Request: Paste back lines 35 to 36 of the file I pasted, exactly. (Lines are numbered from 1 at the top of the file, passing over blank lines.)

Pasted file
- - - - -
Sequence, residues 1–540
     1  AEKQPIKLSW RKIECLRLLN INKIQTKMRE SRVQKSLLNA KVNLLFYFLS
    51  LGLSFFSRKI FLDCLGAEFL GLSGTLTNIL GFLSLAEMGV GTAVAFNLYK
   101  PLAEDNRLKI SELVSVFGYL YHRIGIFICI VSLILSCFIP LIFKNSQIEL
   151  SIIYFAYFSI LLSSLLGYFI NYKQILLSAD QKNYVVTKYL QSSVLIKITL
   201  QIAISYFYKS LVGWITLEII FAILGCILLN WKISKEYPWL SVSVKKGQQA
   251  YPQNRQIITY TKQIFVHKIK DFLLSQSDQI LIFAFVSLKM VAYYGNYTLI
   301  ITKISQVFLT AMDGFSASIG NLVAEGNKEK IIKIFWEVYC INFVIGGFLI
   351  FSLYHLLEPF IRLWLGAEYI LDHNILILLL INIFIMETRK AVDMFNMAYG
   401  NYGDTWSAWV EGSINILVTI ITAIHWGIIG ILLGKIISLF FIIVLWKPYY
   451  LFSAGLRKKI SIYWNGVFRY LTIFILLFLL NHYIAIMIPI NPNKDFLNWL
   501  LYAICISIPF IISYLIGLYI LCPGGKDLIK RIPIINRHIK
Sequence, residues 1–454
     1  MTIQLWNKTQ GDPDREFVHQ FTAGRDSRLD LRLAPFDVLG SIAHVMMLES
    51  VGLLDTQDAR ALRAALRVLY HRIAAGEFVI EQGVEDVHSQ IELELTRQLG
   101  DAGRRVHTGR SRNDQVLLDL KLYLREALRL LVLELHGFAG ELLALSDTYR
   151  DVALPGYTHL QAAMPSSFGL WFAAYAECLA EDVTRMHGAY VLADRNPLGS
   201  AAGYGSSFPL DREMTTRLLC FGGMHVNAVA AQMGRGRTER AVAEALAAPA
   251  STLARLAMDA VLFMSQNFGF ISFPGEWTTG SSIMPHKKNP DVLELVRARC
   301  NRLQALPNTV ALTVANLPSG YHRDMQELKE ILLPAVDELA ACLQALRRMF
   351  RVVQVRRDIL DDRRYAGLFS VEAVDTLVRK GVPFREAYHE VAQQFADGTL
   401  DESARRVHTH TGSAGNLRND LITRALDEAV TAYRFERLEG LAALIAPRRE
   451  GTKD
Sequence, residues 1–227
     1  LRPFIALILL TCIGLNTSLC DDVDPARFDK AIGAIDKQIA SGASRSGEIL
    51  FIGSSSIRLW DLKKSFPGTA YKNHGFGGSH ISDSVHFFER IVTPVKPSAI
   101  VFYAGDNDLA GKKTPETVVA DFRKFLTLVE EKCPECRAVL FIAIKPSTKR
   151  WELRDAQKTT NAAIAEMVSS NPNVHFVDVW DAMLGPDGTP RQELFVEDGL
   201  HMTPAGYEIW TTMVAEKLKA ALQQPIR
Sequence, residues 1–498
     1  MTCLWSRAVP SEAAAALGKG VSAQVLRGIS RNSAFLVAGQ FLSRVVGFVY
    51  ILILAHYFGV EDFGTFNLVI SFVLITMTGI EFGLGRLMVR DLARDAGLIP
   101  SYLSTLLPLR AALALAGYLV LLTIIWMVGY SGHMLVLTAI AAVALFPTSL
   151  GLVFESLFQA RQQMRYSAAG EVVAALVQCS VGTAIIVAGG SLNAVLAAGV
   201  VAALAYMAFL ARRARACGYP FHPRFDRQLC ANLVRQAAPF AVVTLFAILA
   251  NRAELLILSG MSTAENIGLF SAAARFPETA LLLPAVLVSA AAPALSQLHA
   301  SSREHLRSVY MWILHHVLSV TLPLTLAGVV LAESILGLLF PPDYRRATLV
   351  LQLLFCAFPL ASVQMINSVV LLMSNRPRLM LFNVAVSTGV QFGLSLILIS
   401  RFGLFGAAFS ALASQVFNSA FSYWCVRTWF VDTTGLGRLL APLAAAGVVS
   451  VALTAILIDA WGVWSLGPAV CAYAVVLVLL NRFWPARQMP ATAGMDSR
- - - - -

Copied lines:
   201  VAALAYMAFL ARRARACGYP FHPRFDRQLC ANLVRQAAPF AVVTLFAILA
   251  NRAELLILSG MSTAENIGLF SAAARFPETA LLLPAVLVSA AAPALSQLHA